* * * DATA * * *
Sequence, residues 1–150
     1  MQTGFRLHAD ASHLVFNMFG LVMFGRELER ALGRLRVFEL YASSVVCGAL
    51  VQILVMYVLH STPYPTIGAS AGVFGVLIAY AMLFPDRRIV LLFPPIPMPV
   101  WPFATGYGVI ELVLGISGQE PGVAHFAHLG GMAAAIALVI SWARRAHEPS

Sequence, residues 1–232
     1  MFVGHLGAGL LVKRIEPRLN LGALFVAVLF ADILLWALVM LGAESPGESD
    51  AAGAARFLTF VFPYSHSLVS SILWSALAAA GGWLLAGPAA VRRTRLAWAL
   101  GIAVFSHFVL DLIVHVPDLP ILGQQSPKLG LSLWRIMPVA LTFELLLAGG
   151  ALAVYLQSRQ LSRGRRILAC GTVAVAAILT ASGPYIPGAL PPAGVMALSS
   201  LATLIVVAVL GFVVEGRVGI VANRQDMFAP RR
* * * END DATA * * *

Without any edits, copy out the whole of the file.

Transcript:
Sequence, residues 1–150
     1  MQTGFRLHAD ASHLVFNMFG LVMFGRELER ALGRLRVFEL YASSVVCGAL
    51  VQILVMYVLH STPYPTIGAS AGVFGVLIAY AMLFPDRRIV LLFPPIPMPV
   101  WPFATGYGVI ELVLGISGQE PGVAHFAHLG GMAAAIALVI SWARRAHEPS

Sequence, residues 1–232
     1  MFVGHLGAGL LVKRIEPRLN LGALFVAVLF ADILLWALVM LGAESPGESD
    51  AAGAARFLTF VFPYSHSLVS SILWSALAAA GGWLLAGPAA VRRTRLAWAL
   101  GIAVFSHFVL DLIVHVPDLP ILGQQSPKLG LSLWRIMPVA LTFELLLAGG
   151  ALAVYLQSRQ LSRGRRILAC GTVAVAAILT ASGPYIPGAL PPAGVMALSS
   201  LATLIVVAVL GFVVEGRVGI VANRQDMFAP RR